We are against all forms of capitalist exploitation whether private, state or self-managed. We wish to live according to the ideals of solidarity, mutual aid and free association in a classless, stateless and wage-free society – From each according to their ability, to each according to their need!

Capitalism is an economic system of organized class oppression and exploitation.

Capitalism is primarily a social relationship between classes that must work, and the classes that direct and employ. It is a relationship that is reproduced at every level of society by workers, managers, and bosses, within the workplace and everywhere else.

A class of capitalist own and control the factories, shops, apartment buildings, land, and other vital resources. Through direct control of all of society’s resources and wealth, the capitalist class enforces its dictatorship upon us. Instead of free access to the resources of society, the vast majority of people are forced to bargain for them with our own bodies – we sell our time, labor, bodies and minds at a negotiated price, a wage, in exchange for a share of these resources. But the process of working for the capitalist is a process of value creation, thereby enhancing their wealth. We are only given a small portion of the value that we create for the capitalists in exchange the portions of our lives sacrificed. Often this is barely enough to access food, water, and housing, though even beyond the necessities the working class is robbed of the joys of life through the poverty of capitalism’s offerings filtered through the dizzying array of profit-driven amusements. Our lives and time are used up reluctantly in the ebb and flow of capital’s cycles.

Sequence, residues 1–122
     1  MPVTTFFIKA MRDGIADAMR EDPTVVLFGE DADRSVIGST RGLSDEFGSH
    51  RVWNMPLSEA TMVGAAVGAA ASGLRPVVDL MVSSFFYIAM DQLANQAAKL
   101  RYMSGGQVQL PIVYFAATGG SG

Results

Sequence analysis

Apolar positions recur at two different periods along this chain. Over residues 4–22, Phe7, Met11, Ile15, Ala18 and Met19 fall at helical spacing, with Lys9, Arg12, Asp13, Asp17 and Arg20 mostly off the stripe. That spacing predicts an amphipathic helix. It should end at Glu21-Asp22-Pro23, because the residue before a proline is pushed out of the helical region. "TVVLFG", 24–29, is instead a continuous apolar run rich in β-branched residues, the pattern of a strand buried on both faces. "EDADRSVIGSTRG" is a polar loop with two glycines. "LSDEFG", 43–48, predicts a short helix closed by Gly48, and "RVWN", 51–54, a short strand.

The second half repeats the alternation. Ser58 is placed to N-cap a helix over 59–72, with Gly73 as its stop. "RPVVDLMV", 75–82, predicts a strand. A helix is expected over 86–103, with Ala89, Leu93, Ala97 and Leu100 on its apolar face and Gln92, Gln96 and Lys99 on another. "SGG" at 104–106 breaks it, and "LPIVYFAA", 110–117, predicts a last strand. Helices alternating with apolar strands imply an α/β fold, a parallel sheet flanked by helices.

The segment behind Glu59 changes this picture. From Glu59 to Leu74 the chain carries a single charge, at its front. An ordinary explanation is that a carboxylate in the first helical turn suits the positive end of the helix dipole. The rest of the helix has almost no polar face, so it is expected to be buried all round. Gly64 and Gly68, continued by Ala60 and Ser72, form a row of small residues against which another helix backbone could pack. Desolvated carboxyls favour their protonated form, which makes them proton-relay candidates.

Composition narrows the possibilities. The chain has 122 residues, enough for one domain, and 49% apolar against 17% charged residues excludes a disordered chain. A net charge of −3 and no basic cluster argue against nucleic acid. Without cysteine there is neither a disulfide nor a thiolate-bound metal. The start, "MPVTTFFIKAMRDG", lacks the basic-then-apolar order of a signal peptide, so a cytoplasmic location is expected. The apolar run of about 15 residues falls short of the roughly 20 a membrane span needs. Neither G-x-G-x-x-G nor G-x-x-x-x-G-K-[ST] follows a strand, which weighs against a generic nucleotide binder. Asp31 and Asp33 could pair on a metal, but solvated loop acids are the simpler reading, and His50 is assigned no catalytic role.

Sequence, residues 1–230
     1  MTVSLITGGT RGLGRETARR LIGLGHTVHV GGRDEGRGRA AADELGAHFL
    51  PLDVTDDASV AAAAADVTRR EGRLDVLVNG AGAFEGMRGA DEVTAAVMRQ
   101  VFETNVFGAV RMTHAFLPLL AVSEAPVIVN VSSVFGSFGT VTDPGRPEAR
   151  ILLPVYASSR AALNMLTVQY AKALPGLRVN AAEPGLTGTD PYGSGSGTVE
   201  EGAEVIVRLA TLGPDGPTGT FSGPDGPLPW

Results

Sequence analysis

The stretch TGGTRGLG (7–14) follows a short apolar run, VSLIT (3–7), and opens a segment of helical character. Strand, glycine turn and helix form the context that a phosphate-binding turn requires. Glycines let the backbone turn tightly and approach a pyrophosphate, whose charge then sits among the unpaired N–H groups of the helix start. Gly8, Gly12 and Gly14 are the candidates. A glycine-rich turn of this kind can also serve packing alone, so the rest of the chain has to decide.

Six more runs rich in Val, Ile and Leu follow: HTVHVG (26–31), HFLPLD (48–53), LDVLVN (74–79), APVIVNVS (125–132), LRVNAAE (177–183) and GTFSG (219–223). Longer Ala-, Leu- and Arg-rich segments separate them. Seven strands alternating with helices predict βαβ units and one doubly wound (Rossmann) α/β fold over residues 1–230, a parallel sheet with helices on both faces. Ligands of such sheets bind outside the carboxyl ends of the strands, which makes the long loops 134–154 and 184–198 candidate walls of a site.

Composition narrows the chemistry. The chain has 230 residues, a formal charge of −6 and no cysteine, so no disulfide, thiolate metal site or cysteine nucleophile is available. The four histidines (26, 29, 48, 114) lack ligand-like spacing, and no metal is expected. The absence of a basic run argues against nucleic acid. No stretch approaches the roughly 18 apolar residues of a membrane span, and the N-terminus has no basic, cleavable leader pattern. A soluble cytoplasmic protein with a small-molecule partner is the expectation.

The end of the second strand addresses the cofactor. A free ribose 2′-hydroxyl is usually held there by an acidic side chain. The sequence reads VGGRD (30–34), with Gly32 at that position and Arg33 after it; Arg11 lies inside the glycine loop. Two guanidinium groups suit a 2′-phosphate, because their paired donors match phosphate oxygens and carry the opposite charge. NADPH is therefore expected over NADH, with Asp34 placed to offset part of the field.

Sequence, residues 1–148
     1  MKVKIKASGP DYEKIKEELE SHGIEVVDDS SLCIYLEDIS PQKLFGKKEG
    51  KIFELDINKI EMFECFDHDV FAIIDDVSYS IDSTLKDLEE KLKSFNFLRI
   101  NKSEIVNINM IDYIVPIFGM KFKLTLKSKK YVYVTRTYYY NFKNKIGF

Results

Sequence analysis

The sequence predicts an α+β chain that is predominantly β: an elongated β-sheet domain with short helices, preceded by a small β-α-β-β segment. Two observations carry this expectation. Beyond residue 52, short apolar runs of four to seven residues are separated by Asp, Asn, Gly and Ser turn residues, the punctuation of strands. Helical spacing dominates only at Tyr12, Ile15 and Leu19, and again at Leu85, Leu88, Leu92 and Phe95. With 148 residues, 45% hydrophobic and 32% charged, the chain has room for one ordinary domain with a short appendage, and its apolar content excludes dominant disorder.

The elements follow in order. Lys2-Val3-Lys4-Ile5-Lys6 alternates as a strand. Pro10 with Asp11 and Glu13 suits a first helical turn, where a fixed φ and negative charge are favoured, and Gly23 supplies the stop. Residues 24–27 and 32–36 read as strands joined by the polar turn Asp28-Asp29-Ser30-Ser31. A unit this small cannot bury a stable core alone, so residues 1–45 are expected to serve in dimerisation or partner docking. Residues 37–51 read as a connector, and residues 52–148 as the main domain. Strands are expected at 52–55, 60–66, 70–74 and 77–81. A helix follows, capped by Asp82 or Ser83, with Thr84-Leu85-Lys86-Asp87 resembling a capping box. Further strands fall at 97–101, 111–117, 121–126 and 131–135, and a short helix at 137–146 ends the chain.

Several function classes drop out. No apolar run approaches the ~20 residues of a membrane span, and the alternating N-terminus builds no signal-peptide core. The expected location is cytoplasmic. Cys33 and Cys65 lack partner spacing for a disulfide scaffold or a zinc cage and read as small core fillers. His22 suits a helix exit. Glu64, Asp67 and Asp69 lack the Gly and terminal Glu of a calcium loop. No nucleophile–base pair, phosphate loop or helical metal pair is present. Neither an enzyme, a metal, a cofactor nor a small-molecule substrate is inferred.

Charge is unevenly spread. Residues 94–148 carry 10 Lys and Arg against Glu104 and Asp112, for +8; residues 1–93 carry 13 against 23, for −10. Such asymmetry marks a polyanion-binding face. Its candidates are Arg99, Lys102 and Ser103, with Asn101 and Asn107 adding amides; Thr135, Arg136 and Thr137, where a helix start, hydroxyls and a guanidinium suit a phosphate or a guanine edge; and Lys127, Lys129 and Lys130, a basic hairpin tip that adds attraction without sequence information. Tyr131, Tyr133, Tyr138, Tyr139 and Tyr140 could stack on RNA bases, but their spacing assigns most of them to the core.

Capitalism can only be sustained by increasing profit through increasing production and draining more wealth from the oppressed classes domestically and globally, as well as the Earth. This relentless drive for profits has caused capital to overlook human and environmental devastation in the pursuit of short term gains.

The capitalists’ efforts to increase control over work to extract greater wealth as well as expanding the power of the state has led to the creation of various layers within the economy of managers and elite professionals who staff the hierarchies of the corporations and the institutions of the state. Management is a tool of repression and policing in the workplace, speeding up our work and keeping the interests of the owners as the driving force on the job. Elite professionals who dominate social institutions are the agents of ruling class hegemony. The subordination of the working class to the capitalists and their bureaucratic layers of functionaries is a system of exploitation because it denies us control over our lives and subordinates life to the meaningless drive for profit.